Karl L. Barrus
barrus at tree.egr.uh.edu
Fri Dec 4 10:02:46 PST 1992
FutureNerd Steve Witham writes:
>I should be able to verify with my own eyes how cypher technology works.
>Otherwise I'm trusting my security to somebody's black box.
This is important, which is why its nice to have source code.
However, be prepared to invest a little :-) time in the study of PGP's
code; I recently printed it out and must have sucked a toner cartridge
nearly dry as it took more than 500 pages! Check out 'wc -l *.[ch]'
which results in 22720 lines for me.
> The signature algorithm (MD5?)
> 128 bits?
> Is that based on RSA?
Get the md5.doc from rsa.com - available via anonymous ftp. It
explains the algorithm (which is largely bitwise operations on blocks
of the input stream) and even includes source code.
> A cryptostrong pseudorandom # generator?
> Is this based on RSA?
Somebody posted a cryptographically strong prng to sci.crypt recently,
but I haven't had a chance to look it over. I have my own rng - a ten
sided die, which I haven't had occasion to use, yet.
> A binary<-->ascii translator
Phil Karn's DES package includes source code for uuencode, which
performs this translation. I'm sure it is somewhere in the PGP code
as well. There is also RFC 1113.
>What's the formula for RSA again?
> out = in * something ^ somethingelse mod yetanother??
> I know it can't be, because the key is only one number.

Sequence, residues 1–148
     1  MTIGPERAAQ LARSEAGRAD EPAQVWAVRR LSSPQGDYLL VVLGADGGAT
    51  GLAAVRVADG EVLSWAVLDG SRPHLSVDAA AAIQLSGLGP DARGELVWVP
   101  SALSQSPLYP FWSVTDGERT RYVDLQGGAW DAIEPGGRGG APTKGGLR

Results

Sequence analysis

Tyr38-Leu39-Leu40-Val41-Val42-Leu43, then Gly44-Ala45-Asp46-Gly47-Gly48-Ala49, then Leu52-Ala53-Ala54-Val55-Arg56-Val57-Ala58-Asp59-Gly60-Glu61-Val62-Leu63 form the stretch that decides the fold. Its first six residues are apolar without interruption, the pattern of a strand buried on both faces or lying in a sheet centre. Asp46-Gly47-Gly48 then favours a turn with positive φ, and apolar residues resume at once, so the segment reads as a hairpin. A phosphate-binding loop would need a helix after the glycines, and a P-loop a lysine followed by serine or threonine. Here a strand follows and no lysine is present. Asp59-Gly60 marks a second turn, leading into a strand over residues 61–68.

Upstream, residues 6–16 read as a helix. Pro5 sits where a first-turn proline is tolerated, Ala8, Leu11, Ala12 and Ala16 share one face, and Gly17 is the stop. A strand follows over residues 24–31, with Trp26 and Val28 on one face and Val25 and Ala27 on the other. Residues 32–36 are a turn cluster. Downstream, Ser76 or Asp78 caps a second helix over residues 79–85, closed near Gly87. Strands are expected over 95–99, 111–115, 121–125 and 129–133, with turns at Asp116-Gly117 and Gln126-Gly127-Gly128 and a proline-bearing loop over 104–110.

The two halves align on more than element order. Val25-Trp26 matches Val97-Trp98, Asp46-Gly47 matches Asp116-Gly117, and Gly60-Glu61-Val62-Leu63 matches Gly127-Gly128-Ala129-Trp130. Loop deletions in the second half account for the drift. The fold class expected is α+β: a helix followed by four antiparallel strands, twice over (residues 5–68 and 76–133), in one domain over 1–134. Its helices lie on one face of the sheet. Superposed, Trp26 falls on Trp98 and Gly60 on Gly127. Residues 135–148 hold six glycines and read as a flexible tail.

Close! That looks like the formula for solving ax mod n = d for x
given a, n, d.
RSA: pick two primes p and q. Then n=pq. As Hal Finney said, the two
primes should be "good" in the sense that p-1 and q-1 have no small
prime factors. Obviously, you can't avoid having 2 divide p-1 and
q-1, but that should be about it. Also, p and q should differ in
length by a few digits otherwise an enemy may begin to try factoring n
by starting near sqrt(n).
Pick a decryption exponent d. d and phi(n) should be relatively
prime, where phi(x) = Euler totient function = # of numbers less than
x which are relatively prime to x = x-1 for x prime. For n, phi(n) =
(p-1)(q-1). Calculate the inverse of d mod phi(n) and call it e, your
encryption exponent (e = d^(-1) mod phi(n)). Publish n and e as your
public info, and keep d secret as your decryption key.
Somebody encrypts a message by calculating M^e mod n. You decrypt the
ciphertext by calculating C^d mod n.
For example: p=7, q=11 => n=77 and phi(n)=60.
I pick d=13, gcd(13,60) = 1 so it is acceptable.
Then e = 13^(-1) mod 60 = 37. Check: 13 37 mod 60 = 1.
A message M=20 is encrypted as 20^37 mod 77 = 48.
I decrypted the ciphertext 48 like this: 48^13 mod 77 = 20, and I got
back the original message.
| Karl L. Barrus |
| barrus at tree.egr.uh.edu (NeXTMail) |
| elee9sf at menudo.uh.edu |
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